FR: Consumer Mfgd Goods Consumption

Fri Jul 28 01:45:00 CDT 2017

Consensus Actual Previous Revised
Month over Month -0.2% -0.7% 0.8% 0.7%
Year over Year 0.7% 1.5%

Household spending on manufactured goods fell a larger than expected 0.7 percent on the month in June. The decline fully reversed a smaller revised 0.7 percent increase in May and reduced annual growth from 1.5 percent to 0.7 percent.

Weakness was most apparent in textiles which posted a 4.7 percent monthly slump and overall durable goods were off 0.3 percent. However, autos were up 0.1 percent and household goods climbed 1.0 percent. Moreover, there was also a useful 0.3 percent gain in the other stores category.

Nonetheless, total goods spending was 0.8 percent below its May level, offsetting much of its 0.9 percent mid-quarter bounce. Today's flash GDP accounts showed household spending increasing at a relatively modest 0.3 percent quarterly rate in the April-June period. A stronger performance here will probably be needed if the recent acceleration in economic growth is to be furthered.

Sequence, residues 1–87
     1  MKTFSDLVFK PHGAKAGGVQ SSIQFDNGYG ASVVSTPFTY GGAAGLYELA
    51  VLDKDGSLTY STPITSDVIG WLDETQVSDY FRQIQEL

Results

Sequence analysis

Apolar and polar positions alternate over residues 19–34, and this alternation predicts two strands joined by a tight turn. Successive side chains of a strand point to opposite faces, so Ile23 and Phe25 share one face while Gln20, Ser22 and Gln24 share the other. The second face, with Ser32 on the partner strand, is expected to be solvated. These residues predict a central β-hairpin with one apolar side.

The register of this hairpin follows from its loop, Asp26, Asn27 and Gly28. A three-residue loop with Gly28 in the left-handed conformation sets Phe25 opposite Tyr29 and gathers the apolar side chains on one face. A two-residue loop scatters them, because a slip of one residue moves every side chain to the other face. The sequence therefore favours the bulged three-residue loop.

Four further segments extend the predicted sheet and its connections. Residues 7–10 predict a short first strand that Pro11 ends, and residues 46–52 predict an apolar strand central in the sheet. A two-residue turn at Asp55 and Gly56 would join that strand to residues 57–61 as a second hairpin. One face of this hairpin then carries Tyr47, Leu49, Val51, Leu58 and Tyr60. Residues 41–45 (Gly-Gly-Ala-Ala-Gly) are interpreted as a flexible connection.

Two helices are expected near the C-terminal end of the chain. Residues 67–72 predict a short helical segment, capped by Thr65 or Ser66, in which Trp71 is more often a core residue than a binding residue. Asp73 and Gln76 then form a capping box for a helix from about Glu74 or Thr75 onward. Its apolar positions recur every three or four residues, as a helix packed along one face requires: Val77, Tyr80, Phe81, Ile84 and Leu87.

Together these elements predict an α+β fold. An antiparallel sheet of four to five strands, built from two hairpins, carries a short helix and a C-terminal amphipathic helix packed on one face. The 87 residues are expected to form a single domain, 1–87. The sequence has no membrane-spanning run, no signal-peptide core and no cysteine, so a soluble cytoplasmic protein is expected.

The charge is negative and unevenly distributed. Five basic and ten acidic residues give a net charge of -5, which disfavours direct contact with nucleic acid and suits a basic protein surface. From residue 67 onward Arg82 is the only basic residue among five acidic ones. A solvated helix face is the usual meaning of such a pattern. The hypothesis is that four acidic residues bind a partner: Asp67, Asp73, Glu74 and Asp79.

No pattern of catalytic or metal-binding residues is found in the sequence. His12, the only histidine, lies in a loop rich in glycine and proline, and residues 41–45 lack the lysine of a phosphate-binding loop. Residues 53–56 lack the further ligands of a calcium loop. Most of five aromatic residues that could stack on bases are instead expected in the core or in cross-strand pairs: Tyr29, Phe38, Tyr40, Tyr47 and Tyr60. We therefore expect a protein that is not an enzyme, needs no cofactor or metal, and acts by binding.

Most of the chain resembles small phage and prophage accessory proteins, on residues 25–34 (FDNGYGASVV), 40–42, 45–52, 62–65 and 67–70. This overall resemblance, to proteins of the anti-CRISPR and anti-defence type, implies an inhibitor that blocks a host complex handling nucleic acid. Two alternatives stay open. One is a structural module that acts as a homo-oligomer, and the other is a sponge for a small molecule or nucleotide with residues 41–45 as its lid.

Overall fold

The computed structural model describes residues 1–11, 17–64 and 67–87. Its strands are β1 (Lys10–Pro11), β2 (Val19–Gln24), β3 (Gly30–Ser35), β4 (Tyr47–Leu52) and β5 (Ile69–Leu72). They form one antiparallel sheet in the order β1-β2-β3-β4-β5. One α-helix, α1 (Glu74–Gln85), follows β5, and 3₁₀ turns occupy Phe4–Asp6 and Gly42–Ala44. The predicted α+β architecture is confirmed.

Consumption of manufactured goods by consumers is an indicator of consumer spending for household durable goods such as autos and furniture. The data are released separately as part of the report on total goods spending.

This indicator is a measure of retail sales and is unique to France. It measures consumer spending for household durable goods such as autos and furniture. The data are seasonally and workday adjusted. These adjustments eliminate the fluctuations that are solely due to changes in the number of working days. The data appear to be particularly sensitive to the number of worked Saturdays. With consumer spending a large part of the economy, market players continually monitor spending patterns. Retail sales are a measure of consumer well-being.

The pattern in consumer spending is often the foremost influence on stock and bond markets. For stocks, strong economic growth translates to healthy corporate profits and higher stock prices. For bonds, the focus is whether economic growth goes overboard and leads to inflation. Ideally, the economy walks that fine line between strong growth and excessive (inflationary) growth.

Retail sales not only give you a sense of the big picture, but also the trends among different types of retailers. Perhaps auto sales are especially strong or apparel sales are showing exceptional weakness. These trends from the retail sales data can help you spot specific investment opportunities, without having to wait for a company's quarterly or annual report.